Michael Bloomberg, the billionaire former Democrat, Independent, Republican mayor of New York City, is not one of my heroes. I don’t know whether he was a good or bad mayor of a difficult city to govern. His “stop-and-frisk” policies give me the willies.
Beyond New York, I found his $50 million support of the Sierra Club’s “Beyond Coal” campaign beyond ridiculous. He gave the environmental group a large chunk of money to allow the greens to campaign against coal-fired power plants, and, when the plants closed, claim that they had something to do with it. But their chest-pounding, and Bloomberg’s money, has had little to do with the coal plant closures across the country, although it may have helped the Sierra Club increase its membership.
The reality is that coal plants that have closed over recent years shut down for economic reasons. The first mover has been natural gas, with supplies soaring and prices falling thanks to horizontal drilling and hydraulic fracturing in Devonian shale formations, such as the Marcellus in New York, Pennsylvania, West Virginia and Ohio. The second, and far less important, factor has been federal regulation, which would have proceeded without the Sierra Club’s big-money assault on coal.
Now, the energy newsletter SNL reports, Bloomberg has given another $30 million to the club, to bolster its lobbying at the Environmental Protection Agency in support of the Obama administration’s Clean Power Plan. It’s hard to see how that will have any impact on decisions that clearly appear to have been made months ago in the White House to implement its attempt to reduce carbon dioxide emissions from coal-fired power plants. It’s a done deal, although it will face possibly years of litigation, and, to my mind, a bad piece of regulation largely beside the point.
But to Mike Bloomberg’s credit, he has not fallen for the Sierra Club’s other, even more dangerous campaign, “Beyond Gas,” to kill fracking across the country. As Amy Harder reported in the Wall Street Journal this week, Bloomberg slammed New York’s state ban on fracking, orchestrated by Democratic Gov. Andrew Cuomo as “misguided.” Bloomberg told Harder, “To keep coal-fired power plants in upstate New York and not frack doesn’t make any sense at all.”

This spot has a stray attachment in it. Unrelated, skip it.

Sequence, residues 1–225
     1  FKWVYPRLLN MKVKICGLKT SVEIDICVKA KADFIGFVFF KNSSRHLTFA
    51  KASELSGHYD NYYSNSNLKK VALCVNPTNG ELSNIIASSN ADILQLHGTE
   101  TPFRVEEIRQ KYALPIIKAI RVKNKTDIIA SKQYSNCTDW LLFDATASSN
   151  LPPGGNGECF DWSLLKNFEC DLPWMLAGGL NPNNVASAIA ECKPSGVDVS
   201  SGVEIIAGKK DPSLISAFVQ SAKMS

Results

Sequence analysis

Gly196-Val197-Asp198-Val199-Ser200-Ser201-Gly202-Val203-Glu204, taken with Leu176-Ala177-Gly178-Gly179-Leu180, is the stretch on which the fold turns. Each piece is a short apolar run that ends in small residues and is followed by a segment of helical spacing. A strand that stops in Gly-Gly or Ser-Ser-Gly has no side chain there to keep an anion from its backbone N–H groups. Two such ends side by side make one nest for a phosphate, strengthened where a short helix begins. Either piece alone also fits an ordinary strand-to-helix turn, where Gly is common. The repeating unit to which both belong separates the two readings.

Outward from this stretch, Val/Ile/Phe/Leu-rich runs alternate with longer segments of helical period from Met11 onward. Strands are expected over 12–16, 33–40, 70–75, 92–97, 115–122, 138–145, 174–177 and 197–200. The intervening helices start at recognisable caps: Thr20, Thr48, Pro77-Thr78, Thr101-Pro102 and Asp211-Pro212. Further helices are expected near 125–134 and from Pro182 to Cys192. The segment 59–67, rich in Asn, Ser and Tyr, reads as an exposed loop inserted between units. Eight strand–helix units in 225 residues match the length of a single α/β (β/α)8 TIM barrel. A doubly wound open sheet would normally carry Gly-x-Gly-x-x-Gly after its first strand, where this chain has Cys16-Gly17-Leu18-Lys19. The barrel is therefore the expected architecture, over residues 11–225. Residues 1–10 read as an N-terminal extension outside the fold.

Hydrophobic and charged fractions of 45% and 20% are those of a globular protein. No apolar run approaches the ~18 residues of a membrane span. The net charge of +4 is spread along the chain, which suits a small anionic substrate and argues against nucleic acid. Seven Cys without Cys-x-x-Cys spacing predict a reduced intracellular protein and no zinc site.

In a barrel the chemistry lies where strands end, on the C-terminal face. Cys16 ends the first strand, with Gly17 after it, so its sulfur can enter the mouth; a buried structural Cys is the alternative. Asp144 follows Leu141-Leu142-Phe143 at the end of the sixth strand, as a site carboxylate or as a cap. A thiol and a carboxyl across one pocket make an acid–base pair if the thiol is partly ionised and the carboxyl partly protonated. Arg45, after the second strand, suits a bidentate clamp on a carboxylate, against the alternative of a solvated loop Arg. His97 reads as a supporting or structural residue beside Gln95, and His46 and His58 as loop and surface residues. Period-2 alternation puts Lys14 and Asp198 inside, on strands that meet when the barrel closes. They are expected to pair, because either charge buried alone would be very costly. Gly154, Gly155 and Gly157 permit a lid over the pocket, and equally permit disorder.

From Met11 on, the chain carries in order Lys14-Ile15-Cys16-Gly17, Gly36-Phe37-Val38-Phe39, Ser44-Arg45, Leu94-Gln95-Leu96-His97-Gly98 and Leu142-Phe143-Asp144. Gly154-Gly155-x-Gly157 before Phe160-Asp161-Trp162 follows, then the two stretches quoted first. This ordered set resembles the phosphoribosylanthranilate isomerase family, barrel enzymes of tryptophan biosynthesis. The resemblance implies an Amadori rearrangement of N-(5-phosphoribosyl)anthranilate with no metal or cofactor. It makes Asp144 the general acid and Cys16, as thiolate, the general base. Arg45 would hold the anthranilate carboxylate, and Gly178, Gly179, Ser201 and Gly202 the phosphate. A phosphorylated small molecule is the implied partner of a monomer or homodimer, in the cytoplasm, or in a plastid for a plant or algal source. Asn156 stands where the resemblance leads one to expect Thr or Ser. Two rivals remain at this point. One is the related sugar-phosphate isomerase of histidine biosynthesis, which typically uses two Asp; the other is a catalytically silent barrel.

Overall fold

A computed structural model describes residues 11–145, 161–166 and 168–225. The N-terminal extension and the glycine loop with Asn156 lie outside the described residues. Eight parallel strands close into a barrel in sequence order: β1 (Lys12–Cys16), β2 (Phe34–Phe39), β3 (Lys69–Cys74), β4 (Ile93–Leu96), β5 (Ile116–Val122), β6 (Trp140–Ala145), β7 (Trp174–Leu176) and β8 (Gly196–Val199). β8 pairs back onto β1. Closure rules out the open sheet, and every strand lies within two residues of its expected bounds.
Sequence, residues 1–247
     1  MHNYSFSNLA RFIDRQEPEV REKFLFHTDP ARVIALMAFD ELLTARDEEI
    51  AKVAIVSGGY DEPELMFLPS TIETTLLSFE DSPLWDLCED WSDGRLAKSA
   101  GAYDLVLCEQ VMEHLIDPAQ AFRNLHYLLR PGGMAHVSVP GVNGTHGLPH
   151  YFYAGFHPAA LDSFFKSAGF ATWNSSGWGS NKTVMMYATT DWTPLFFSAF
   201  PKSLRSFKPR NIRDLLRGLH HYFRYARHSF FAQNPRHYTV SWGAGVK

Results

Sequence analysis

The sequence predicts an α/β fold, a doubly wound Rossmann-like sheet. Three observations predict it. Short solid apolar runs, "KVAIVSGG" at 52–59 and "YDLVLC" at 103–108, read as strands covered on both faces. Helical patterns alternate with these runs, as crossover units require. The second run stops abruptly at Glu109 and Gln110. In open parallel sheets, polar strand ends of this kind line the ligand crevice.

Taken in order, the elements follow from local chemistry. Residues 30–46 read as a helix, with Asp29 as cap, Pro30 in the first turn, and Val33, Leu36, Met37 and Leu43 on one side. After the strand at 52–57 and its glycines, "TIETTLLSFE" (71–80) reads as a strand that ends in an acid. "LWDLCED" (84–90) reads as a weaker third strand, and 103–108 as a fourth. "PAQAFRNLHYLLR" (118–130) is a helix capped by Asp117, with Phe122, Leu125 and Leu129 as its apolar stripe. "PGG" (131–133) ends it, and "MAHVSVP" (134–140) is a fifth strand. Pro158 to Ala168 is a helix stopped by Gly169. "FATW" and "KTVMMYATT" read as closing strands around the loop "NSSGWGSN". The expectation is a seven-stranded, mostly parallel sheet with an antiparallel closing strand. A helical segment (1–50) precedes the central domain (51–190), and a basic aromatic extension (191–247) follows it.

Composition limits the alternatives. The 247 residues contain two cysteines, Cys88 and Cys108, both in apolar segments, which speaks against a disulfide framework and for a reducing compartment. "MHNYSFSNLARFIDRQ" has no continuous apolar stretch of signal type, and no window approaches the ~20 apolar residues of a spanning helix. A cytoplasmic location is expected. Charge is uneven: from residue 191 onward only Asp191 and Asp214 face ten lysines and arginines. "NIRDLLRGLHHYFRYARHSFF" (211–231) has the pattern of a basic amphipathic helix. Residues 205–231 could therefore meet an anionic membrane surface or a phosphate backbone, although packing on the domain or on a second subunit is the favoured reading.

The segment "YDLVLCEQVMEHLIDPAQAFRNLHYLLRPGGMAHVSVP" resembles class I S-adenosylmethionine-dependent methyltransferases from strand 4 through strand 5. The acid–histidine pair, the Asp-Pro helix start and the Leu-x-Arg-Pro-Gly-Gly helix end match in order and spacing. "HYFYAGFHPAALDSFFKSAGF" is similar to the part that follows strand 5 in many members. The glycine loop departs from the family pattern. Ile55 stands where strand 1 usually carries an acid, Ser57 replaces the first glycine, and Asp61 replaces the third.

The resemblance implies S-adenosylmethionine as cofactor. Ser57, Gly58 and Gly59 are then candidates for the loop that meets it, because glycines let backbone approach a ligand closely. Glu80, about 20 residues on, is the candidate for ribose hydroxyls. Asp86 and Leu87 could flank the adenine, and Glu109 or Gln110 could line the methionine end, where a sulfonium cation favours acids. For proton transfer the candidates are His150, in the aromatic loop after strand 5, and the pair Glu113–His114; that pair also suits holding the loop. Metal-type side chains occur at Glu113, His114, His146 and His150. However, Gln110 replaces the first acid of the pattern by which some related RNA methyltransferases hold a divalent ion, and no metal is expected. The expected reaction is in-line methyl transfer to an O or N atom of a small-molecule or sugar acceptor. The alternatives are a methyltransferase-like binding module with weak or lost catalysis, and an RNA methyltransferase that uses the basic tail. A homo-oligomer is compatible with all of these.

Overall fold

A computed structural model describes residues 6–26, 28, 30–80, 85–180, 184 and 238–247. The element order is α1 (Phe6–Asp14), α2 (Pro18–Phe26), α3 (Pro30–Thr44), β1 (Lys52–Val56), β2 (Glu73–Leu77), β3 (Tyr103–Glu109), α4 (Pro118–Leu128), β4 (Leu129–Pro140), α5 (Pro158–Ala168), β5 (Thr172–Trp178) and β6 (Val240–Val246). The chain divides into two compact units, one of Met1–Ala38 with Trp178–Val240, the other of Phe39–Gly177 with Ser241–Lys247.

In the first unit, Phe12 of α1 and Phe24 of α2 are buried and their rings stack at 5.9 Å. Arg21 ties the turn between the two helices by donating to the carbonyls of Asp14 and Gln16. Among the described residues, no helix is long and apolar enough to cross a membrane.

Bloomberg gets it that natural gas has a far better environmental footprint (not only for carbon dioxide, but for conventional pollutants including sulfur dioxide, oxides of nitrogen, and particulates) than coal. It also has economic benefits to consumers. Bloomberg said he has refused to contribute to the Sierra Club’s anti-gas campaign. Without gas, he said, “there is no viable alternative” to coal for generating abundant, low-cost electricity.
As in the case of his support for the misguided crusade against coal, Bloomberg is putting his money where his mouth is. He’s donated $6 million to the Environmental Defense Fund, which takes a far more reasonable and realistic approach to natural gas than the Sierra Club. EDF organized a rigorous study by Washington State University, which reported this spring that methane leaks from gas transmission and distribution are far less than the figures the Environmental Protect Agency has been putting out, based on data from the 1990s. Thanks, Mike Bloomberg, but you’re still not on my heroes list, even if Her Majesty’s government in Great Britain has awarded you the equivalent of a knighthood.